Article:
3/28/2008

stuff seen in Science

There's been a few items in Science the last two weeks that are potentially philosophically interesting:

[This week]
1. Rats can learn rules and then generalize them to new, different situations to a degree that people previously thought was confined to humans or at least primates.

2. Two smells that are initially indiscriminable to a human can, with painful conditioning, be made discriminable. (The initial indiscriminability was not just in terms of verbal reports of conscious states; the scientists did fMRIs on the patients too.)

[Last week]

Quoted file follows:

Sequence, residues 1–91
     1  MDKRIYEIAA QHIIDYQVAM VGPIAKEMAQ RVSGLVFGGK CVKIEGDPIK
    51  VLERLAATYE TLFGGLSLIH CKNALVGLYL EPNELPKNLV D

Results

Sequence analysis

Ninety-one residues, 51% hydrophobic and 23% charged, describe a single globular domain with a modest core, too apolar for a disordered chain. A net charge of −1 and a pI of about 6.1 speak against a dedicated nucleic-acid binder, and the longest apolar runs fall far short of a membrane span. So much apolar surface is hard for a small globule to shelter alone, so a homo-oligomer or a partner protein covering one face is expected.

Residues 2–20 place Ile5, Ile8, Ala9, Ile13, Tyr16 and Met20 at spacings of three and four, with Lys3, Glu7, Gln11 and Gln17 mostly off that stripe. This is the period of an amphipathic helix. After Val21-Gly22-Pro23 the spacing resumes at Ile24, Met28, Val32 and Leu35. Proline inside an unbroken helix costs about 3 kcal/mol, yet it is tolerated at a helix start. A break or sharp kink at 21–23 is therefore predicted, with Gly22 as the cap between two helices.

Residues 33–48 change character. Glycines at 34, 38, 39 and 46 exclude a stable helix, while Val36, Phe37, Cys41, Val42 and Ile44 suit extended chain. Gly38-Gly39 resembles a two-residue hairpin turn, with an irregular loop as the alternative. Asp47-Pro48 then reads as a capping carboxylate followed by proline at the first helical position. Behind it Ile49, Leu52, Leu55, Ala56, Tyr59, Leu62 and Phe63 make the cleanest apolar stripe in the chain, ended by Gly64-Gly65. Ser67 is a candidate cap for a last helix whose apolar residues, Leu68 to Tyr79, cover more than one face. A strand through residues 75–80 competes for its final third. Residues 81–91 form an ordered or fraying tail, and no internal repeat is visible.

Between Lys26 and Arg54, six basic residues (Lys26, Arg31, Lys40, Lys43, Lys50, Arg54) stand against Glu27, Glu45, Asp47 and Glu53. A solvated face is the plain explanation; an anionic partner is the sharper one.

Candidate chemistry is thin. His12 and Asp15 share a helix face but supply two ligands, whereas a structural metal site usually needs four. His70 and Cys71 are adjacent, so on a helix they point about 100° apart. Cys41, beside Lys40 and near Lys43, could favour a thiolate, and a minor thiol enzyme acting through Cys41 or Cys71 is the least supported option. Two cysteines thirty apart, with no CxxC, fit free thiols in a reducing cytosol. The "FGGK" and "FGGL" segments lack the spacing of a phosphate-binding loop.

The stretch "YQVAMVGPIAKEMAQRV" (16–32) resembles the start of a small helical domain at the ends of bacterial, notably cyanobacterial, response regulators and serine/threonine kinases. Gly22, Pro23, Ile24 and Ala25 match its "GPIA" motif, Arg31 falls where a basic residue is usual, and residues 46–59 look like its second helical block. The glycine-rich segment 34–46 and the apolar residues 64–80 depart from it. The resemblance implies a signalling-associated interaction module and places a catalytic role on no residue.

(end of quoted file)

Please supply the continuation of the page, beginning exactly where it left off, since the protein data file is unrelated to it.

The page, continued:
3. After your basic needs are met, having more money does not make you much happier (that's been known for a while); however, giving that money away instead of spending it on yourself does have a significant effect on your (self-reported) happiness.

4. One of my favorite biologists, G√ľnter Wagner, argues that pleiotropy (one gene having several effects) is actually not as significant as once thought (philosophers of biology have used pleiotropy to argue for various points).

Of course, this is just the bumper-sticker version of each of these claims; the actual positions will be more sophisticated, and require various caveats. Nonetheless, it seems like each of these studies could merit philosophical attention.

1 Comments:

At 12/4/08, Anonymous Anonymous said...

why bother with scientific claims? its inability to justify itself will leave any philosophical conclusion based on it unjustified. so, why bother?

 

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